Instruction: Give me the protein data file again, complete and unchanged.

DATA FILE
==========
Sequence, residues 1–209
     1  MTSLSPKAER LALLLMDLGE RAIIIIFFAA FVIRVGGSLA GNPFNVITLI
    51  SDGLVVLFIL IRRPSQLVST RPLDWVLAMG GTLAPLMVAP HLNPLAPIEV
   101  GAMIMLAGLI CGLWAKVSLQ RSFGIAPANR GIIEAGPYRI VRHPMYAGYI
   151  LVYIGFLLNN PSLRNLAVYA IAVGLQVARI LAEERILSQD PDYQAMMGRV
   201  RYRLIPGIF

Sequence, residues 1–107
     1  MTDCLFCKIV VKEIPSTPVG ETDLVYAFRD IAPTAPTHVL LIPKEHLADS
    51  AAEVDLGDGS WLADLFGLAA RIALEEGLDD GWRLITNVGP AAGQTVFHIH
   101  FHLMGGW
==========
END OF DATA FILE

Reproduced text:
Sequence, residues 1–209
     1  MTSLSPKAER LALLLMDLGE RAIIIIFFAA FVIRVGGSLA GNPFNVITLI
    51  SDGLVVLFIL IRRPSQLVST RPLDWVLAMG GTLAPLMVAP HLNPLAPIEV
   101  GAMIMLAGLI CGLWAKVSLQ RSFGIAPANR GIIEAGPYRI VRHPMYAGYI
   151  LVYIGFLLNN PSLRNLAVYA IAVGLQVARI LAEERILSQD PDYQAMMGRV
   201  RYRLIPGIF

Sequence, residues 1–107
     1  MTDCLFCKIV VKEIPSTPVG ETDLVYAFRD IAPTAPTHVL LIPKEHLADS
    51  AAEVDLGDGS WLADLFGLAA RIALEEGLDD GWRLITNVGP AAGQTVFHIH
   101  FHLMGGW